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WALSH V. PRESTON, 109 U. S. 297 (1883)
U.S. Supreme Court
Walsh v. Preston, 109 U.S. 297 (1883)
Walsh v. Preston
Argued March 13-14, 1883
Decided November 19, 1883
109 U.S. 297
Prior to 1844, the Congress of Texas authorized contracts to be made for settling emigrant families on vacant lands to be designated in the contracts. Subsequently that Congress passed an act to repeal this law, and presented it to the President of Texas for his signature. He vetoed the repealing act. Congress then passed it over the veto. While the repealing act was thus suspended, the president contracted with one Mercer and associates to settle families on a designated tract, capable of identification. Preston, the appellant in one suit and appellee in the other, was assignee under Mercer. In February, 1845, the Congress of Texas enacted that on failure of the associates to have the tract surveyed and marked by the first day of the next April, the contract should be forfeited. In October following, suit was begun to have the contract annulled for noncompliance with these provisions. A decree was entered declaring it forfeited, but it did not appear that proper service of the subpoena or other process or notice was made to give the court jurisdiction. After lapse of several years, suit was brought against the Commissioner of the Land Office of Texas to obtain certificates for location of land for which claim was made under the contract, either within the limits of the grant or in case the land there had been appropriated, then land of equal value elsewhere. The bill also prayed for an injunction to restrain the commissioner from issuing patents for lands outside the grant until the claims under the contract should be satisfied. The defendant denied the principal allegations of the bill and demurred on the ground that the Texas had not been made a party, averring that it was a necessary party. The court below found for the plaintiff on the facts and made a decree enjoining the commissioner and his subordinates forever from issuing patents within the boundaries of the contract tract except to Preston or his order:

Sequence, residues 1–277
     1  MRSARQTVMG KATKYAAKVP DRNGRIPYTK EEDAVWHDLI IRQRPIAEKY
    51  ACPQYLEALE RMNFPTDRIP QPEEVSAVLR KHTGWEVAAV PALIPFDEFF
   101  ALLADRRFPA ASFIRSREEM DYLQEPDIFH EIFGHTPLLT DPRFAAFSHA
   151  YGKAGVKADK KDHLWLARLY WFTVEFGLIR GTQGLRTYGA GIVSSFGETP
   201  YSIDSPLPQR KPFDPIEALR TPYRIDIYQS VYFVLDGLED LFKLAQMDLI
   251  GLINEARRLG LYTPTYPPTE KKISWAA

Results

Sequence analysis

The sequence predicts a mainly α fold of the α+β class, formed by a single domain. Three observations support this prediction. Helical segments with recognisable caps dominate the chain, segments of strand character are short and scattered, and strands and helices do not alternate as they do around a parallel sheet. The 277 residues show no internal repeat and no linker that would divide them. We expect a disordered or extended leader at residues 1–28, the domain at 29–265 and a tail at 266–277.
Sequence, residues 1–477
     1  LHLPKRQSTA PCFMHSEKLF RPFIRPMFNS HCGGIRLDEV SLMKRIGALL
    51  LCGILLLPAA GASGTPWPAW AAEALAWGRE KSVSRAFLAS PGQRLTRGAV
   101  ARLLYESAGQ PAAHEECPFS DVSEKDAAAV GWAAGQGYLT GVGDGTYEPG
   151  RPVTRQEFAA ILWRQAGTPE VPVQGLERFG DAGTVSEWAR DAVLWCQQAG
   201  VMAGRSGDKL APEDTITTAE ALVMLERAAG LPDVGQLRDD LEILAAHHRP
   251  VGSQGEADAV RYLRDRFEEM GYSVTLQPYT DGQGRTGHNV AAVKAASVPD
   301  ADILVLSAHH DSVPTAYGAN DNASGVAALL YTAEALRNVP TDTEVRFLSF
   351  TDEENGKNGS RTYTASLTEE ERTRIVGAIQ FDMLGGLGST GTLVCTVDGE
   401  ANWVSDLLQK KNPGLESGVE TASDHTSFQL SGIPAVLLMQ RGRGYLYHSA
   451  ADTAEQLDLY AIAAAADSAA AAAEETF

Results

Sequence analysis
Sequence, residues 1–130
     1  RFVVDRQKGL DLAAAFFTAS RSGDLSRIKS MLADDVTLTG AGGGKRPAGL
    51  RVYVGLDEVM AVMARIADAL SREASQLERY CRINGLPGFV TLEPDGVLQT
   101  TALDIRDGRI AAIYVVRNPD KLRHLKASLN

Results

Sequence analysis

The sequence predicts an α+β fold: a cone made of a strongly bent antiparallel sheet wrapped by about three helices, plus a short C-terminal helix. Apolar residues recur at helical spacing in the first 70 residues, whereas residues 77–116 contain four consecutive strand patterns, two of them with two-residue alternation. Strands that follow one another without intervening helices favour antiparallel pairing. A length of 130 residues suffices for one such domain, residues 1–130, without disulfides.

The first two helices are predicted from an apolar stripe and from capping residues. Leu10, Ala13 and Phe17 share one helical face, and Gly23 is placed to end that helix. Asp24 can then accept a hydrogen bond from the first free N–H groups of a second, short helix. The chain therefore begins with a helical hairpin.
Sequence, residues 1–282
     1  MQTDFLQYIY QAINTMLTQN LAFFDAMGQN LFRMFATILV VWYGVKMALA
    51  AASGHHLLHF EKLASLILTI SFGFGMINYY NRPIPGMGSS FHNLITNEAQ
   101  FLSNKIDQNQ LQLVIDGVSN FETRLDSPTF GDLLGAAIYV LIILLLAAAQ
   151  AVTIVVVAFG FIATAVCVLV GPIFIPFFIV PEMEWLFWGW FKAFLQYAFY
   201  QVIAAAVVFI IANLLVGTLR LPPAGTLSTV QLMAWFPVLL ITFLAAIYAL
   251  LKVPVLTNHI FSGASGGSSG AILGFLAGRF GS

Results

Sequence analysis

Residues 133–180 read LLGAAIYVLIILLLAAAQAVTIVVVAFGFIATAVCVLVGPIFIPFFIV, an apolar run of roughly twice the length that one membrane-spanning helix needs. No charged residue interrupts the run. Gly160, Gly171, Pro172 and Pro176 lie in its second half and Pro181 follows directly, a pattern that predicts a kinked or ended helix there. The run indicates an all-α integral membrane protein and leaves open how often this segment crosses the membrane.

1. That the decree was defective in not defining specifically the rights of the plaintiff in the land, in not adjusting the conflicting rights of Texas trod the plaintiff, and in tying up forever the hands of the government and all other interested parties without affording final relief.
2. That as the court could give no affirmative relief, and in the absence of the State of Texas could not settle its rights in the tract, it was without jurisdiction.
3. That even if the court had jurisdiction, the case was without equity on the merits.
Bill in equity to compel the delivery of patents of public land in Texas. The facts appear fully in the opinion of the Court.
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